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RELEASE: Statement by Rep. Grossell on bipartisan reinsurance bill projected to reduce premium costs by 17-18% passing House

Monday, March 13, 2017
ST. PAUL – The Minnesota House of Representatives has approved the Minnesota Premium Security Plan (HF5), which establishes a state-based reinsurance program on a bipartisan vote of 78-53. This program is designed to stabilize and reduce premiums by mitigating the impact of high-risk individuals, or those who are the most sick, on the individual health insurance market. According to Minnesota Management and Budget, the proposal is estimated to reduce premiums by 17-18 percent.

“Cleaning up the mess created by Obamacare and MNSure was one of our top priorities this session and this bill is another significant step towards accomplishing that goal,” said Rep. Matt Grossell, R-Clearbrook. “Under this bill, Minnesotans who need medical care the most will be able to get it while it also is projected to help decrease premiums by up to 18 percent.”

Prior to Obamacare, Minnesota had a health insurance safety net program and it was a model for the nation. Today, Minnesota’s individual insurance market is a third as large and twice as sick as it was before Obamacare.
"This bill will help us begin to restore Minnesota's place as a nationwide leader in health care," added House Speaker Kurt Daudt, R-Crown. "Republicans will continue working to reduce health costs, and stabilize Minnesota's health care market that's been decimated by Democrats' embrace of Obamacare."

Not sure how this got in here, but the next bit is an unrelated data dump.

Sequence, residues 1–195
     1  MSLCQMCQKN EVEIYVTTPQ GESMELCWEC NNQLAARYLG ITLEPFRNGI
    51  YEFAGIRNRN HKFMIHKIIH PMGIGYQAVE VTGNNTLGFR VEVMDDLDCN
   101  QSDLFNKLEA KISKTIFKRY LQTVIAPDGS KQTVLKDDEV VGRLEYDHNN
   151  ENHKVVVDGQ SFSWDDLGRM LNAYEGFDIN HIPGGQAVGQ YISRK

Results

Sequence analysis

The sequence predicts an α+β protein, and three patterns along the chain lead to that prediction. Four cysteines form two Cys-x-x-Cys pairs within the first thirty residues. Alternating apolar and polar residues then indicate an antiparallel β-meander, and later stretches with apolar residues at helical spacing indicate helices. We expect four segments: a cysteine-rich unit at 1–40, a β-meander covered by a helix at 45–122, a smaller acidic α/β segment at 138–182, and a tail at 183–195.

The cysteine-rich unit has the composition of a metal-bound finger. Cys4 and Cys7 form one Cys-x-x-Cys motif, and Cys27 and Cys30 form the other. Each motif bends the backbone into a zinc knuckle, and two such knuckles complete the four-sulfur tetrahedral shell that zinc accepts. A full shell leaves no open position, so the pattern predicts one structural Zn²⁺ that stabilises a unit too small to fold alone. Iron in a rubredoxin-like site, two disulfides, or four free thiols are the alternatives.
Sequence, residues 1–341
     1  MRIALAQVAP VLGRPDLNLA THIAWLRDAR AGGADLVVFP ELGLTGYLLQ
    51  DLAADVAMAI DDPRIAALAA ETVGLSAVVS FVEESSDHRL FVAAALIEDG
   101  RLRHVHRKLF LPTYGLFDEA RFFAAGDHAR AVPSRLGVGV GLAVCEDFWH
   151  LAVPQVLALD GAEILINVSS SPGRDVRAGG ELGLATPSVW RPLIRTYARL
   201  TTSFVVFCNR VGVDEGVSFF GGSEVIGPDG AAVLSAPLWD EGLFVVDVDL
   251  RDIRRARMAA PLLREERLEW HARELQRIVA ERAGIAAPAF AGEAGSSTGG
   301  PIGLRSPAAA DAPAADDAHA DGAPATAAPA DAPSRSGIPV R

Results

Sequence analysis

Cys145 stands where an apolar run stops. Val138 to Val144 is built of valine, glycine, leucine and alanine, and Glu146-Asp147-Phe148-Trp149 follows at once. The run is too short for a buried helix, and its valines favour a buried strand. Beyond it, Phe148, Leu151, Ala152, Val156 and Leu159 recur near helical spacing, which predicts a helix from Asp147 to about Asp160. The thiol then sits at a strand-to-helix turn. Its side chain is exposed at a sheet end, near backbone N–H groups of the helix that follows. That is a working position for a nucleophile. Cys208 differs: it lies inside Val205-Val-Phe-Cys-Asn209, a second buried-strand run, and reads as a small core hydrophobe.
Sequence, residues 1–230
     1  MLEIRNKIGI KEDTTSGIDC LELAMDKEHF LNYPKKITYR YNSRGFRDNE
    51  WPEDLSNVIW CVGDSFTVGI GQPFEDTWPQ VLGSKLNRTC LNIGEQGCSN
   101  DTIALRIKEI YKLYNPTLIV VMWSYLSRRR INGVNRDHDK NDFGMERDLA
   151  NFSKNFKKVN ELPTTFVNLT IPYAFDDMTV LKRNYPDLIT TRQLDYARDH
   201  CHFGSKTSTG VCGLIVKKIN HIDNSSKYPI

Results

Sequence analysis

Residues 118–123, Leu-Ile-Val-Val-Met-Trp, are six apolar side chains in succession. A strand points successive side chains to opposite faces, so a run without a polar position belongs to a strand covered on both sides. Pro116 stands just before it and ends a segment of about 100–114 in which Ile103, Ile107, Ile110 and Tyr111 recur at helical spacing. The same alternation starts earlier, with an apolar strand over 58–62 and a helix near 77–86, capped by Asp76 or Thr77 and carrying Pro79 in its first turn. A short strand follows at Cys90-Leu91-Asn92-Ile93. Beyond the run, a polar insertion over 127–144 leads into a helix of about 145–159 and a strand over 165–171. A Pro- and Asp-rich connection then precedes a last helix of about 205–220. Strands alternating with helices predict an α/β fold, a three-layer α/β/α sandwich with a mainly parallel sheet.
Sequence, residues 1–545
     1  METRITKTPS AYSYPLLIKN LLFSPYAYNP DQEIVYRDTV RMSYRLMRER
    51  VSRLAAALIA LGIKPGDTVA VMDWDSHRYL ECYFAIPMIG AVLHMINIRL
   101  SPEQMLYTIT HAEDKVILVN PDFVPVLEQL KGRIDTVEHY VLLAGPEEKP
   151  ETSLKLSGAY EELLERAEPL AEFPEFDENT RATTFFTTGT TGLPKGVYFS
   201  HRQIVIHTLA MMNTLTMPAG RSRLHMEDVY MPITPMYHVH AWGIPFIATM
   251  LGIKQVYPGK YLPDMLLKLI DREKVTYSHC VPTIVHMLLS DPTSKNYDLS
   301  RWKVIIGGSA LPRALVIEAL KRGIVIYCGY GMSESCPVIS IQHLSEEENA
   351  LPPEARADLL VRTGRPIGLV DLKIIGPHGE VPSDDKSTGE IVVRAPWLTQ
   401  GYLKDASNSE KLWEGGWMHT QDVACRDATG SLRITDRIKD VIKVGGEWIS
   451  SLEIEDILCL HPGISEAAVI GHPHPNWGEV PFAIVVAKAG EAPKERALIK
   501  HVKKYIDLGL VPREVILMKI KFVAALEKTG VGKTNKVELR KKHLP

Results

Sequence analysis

According to the legislation, the Minnesota Premium Security Plan will be administered by the Minnesota Comprehensive Health Association (MCHA), which for over forty years ran a high risk pool that brought stability to the individual market and ensured the sickest Minnesotans had access to needed coverage. It will be funded using existing revenue sources.

The MCHA board, comprised of members of the public and health plan experts, will design payment parameters to mitigate risk, stabilize or reduce premium rates, increase participation, and account for federal funding available for the plan.

The board will have authority to set:
  • Attachment point beyond which costs are eligible ($50,000 or more)
  • Coinsurance rate (between 50-70%)
  • Reinsurance cap ($250,000 or less)
Parameters will be submitted to the Department of Commerce for approval. The board will also have the authority to audit eligible health carriers and is required to contract with an independent auditor for an annual reinsurance program. The Senate is expected to pass a similar proposal in the coming days.